A content creator who covers ways to be creative with AI and ML.
The other day we were reached out to on Twitter about what titles, responsibilities, and skillsets are required for no-coders in the future?
Naturally, this gave us an idea for a blog post. This seems to be a pain point others are experiencing when thinking about how no-code technology will fit into the future of work.
Let’s explore what no-code jobs look like in the future.
This question is interesting because no-code tools are quickly democratizing tech by putting the power in the hands of the no-coders as well as coders. With no-code tech, businesses can create websites, apps, logos, portfolios, landing pages, social media tools, SEO tools, analytic tools, design tools, machine learning tools, and more.
Titles like web developer, front-end designer, or data scientist might mean different things in the future, but the responsibilities still remain. Tasks like building a website or analyzing data will stay in an organization’s workflow, but how they will do it and how they spend their time will adapt to no-code technology.
We predict some titles and responsibilities might look like this:
Obviously AI created a post on User Science for Product Managers a while back explaining how to turn user’s data into a science.
They defined user science like this:
“The study of understanding how the user interacts with your product or company. It starts with data. Capturing the churn rate, purchase data, customer personas, etc., are just some of the aspects of user data that gives you a better understanding of user science."
Another aspect of User Science is creating predictions on what your customer will do if such and such happens or if you modify your product in certain ways.
A part of a Product Manager’s job description is interpreting customer behavior—and this isn’t a new discipline. Each PM should explore the several learning curves to implement innovative tools into their products.
A PM who relies heavily on machine learning to improve or build products might need to shift their focus on user science instead of data science with a no-code ML tool.
Since no-code tools (specifically machine learning) foster collaboration because the barrier to entry is lower, the way we govern no-code tasks will change.
For example, imagine you’re designing something with Canva. A user can add teammates and the team can see a gallery of the collaborative designs they’ve made. The same goes for site builders like WordPress of Squarespace. Many members of the business or a team can design and build without code, giving power to everyone and not just a few individuals.
In machine learning’s case, collaboration and data governance is key to avoid bias blindspots programmers and data scientists may have. We predict a role dedicated to delegating and democratizing data among teams to avoid incidents like the Apple Card fiasco will emerge in the future.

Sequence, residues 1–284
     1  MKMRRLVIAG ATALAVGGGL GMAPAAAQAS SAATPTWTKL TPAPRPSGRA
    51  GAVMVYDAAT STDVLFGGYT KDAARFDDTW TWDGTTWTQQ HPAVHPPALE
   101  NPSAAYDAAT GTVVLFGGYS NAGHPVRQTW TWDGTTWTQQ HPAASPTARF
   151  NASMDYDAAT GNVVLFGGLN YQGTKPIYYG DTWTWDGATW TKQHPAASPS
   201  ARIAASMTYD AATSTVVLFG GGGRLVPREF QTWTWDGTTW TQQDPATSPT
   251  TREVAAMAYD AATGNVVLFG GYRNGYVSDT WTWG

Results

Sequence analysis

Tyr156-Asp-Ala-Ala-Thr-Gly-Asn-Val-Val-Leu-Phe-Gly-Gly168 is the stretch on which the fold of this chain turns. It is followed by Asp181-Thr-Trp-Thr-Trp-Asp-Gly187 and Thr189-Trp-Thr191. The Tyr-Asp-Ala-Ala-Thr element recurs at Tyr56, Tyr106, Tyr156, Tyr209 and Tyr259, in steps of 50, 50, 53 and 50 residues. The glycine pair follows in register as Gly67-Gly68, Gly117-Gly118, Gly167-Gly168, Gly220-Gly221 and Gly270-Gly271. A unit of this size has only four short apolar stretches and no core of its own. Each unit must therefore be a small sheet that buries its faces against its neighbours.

This role sits at the intersection of growth hacker and product manager. A Product Hacker isn’t a new idea as articles about product hacking date back to 2016 promoting no-code.
The article describes a Product Hacker like this:
Product Hacker is a data-driven product manager that uses modern techniques to optimize the value their product provides to its users.
Product Hacker’s responsibilities include feature flagging, feature validation, feature guidance, and product analytics all with a data-driven process.
Concerning Colin’s question about what size companies are hiring no coders, let’s look at where no-code tools fit into workflows and tech stacks.
Being the content guy at Obviously AI, a year-old startup, I use no-code tools every day. Our site runs on Webflow, I design emails in MailChimp, and use our no-code machine learning platform to make predictions and analyze datasets. We’re currently in the growth mindset (and we always will be) so we choose tools that can help us scale.
No-code tools scale.
Therefore they belong at any size company looking to scale their products or business. No-code tools can add many team members to a project, cut down costs of hiring technical coders, and allow agility for startups, SMBs, and large enterprises.
Lastly, there’s a question of salary.
Glassdoor says the average salary of a data scientist is $120,495/year. While the salary is well-deserved because their job is highly technical and difficult, we predict their responsibilities might be altered or split up.
A User Scientists, although hypothetical, are just as specialized as a data scientist and fit into the growth mindset of a company and might appeal to a hiring manager in the future and require a higher salary. Comparatively, a Product Hacker is kind of a no-code-refined version of a Product Manager so their salaries might be similar. A Data Governor fits into more of a managerial high-stress role that will require vast experience governing data teams, and might demand a higher salary.
Generally, we predict we will see more job descriptions with no-code tool experience and how that affects salary is open to debate.
We’d like to thank Colin for asking this great question and putting us in the same category as Zapier, Webflow, and Airtable. We are looking to be a part of the No-Code Community and help discover why no-code ML is so beneficial.
Originally published at Obviously AI. I serve as the Head of Content.
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